School of Trade Finance

Euromoney Learning Solutions

Euromoney Learning Solutions


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About the course

Learn essential techniques on buy and sell-side with our comprehensive school

This highly interactive 5 day Euromoney Learning virtual classroom training course provides practical, in-depth coverage of international trade and commodity finance. The conflicting needs of buyer and seller are identified and how trade finance provides risk mitigation and working capital solutions for both exporter and importer.

The training covers the importance of Incoterms® rules, the nature of trade documentation, how to maintain control over the goods, the risks faced by exporters, importers and banks, and detailed coverage of the key documentary trade and open account supply chain finance products to include the parties, mechanics, risk mitigating features, optimal structuring techniques, and funding solutions.

Emphasis is placed upon risk assessment, problem solving techniques and deal structuring, through a clear understanding of a corporate’s trade cycle. Great attention is paid to the effective and appropriate use of structured financing techniques in meeting the corporate’s needs for optimal working capital solutions, whilst satisfying the bank’s requirement for controlled lending and credit support.

The course uses extensive case studies1 and exercises to develop the understanding of participants in a practical and engaging way across a range of scenarios on the identification of risk, risk mitigation, structuring techniques, and optimal working capital solutions.

This highly interactive practical virtual training course is conducted via Zoom comprising 20 separate training sessions (4 per day). Each session is of either 75 or 90 minutes duration. Training is delivered via presentational slides, interactive discussion, exercises, and case studies (risk appraisal and solution framing via virtual breakout syndicate sessions). Multiple choice polling is used throughout the programme to aid the learning process.

1The case studies and exercises described are provided for indicative purposes only. The trainer reserves the right of discretion to vary the selection of case studies covered in the classroom depending upon the background, experience, and key learning objectives of the participants in attendance and virtual classroom time availability.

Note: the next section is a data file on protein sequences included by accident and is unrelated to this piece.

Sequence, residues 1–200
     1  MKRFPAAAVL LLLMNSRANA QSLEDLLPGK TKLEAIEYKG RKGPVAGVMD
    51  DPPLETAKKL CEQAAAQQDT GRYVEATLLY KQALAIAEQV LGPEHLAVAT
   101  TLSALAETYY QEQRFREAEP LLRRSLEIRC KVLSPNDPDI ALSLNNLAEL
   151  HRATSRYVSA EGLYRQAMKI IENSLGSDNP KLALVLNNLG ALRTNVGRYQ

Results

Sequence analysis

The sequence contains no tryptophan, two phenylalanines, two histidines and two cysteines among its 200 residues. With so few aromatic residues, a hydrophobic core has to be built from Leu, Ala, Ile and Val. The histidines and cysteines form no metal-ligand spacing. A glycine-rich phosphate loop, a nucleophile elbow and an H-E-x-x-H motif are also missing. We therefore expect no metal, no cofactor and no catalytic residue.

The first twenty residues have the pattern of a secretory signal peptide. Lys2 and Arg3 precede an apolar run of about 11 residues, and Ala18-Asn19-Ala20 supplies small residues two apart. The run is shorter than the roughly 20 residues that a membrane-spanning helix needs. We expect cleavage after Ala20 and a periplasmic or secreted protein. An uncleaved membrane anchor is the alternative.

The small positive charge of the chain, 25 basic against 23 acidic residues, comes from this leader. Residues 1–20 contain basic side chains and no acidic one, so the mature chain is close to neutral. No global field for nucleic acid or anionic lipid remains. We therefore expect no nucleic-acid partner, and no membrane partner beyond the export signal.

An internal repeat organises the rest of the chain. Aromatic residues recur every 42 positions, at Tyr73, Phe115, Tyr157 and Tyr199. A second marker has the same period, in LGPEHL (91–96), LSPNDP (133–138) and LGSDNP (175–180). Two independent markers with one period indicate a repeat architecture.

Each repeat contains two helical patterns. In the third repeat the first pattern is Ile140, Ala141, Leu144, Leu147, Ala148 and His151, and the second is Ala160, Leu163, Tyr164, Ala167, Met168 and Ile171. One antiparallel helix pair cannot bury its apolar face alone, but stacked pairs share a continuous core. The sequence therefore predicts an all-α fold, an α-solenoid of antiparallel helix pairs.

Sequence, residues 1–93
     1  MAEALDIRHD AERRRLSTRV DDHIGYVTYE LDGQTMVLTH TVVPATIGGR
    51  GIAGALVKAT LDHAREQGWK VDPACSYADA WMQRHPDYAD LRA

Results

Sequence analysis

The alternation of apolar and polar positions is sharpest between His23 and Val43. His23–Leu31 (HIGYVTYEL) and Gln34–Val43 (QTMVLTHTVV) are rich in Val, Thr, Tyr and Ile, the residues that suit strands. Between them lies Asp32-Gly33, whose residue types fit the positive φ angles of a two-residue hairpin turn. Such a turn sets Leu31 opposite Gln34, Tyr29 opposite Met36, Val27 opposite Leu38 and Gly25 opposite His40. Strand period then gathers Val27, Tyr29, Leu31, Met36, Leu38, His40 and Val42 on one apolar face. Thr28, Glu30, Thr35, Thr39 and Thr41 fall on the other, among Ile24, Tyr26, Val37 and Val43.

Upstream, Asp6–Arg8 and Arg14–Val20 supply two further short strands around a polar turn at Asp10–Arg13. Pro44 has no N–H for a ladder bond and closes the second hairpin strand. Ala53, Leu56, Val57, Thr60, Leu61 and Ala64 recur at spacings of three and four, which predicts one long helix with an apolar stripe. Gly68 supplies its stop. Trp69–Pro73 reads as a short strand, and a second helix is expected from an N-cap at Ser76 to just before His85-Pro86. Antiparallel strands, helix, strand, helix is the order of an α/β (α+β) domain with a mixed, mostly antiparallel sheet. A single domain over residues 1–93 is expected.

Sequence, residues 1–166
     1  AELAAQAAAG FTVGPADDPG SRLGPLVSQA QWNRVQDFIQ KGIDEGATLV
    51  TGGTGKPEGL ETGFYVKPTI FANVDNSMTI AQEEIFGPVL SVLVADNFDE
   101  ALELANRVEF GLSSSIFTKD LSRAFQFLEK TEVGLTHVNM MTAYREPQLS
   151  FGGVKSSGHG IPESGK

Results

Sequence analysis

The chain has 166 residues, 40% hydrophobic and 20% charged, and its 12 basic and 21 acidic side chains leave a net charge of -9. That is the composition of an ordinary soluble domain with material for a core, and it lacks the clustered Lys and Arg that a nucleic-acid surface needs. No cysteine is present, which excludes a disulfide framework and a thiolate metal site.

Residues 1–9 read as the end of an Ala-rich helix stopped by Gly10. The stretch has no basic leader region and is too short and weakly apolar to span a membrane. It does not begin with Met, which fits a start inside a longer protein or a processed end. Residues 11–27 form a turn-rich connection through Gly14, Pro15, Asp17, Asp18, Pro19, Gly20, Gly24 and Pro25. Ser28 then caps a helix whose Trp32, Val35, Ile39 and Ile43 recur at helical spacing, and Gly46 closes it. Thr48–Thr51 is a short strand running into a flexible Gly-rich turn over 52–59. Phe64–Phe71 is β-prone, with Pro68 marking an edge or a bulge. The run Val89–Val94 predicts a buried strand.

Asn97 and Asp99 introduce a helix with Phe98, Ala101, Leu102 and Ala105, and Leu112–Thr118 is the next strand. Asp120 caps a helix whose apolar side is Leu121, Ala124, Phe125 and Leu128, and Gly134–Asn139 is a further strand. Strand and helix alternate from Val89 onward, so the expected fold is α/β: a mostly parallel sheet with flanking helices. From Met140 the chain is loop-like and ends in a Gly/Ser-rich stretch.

By attending this training course, the delegates will:

  • Appreciate the working capital needs of an importer and exporter.
  • Identify trade risk and how this can be mitigated.
  • Structure documentary credits, standby credits, and letters of guarantee to mitigate risk.
  • Construct a trade cycle timeline to evaluate type, amount, and duration of trade finance.
  • Structure a self-liquidating trade finance facility.
  • Appreciate why structured trade finance is an alternative to traditional lending assessment.
  • Understand the key aspects and structuring techniques of receivables finance.
  • Be aware of the key payables and supply chain finance solutions and when they should be used.
  • Appreciate the structures, products, and risk management in commodity trade finance.


Day 1

Session 1

Key client drivers

  • Conflicting requirements of seller and buyer
  • Importance and implications of trade credit: credit risk, liquidity risk
  • Working capital optimisation: cash conversion cycle, importance of DSO and DPO ratios

Exercise: Calculation of DSO & DPO ratios and assessment

Need for trade finance

  • Description of trade finance
  • Why trade finance is required: risk mitigation, finance, facility increase
  • Key benefits of trade finance solutions to the corporate and bank

The trade cycle

  • Key stages: risk profile of each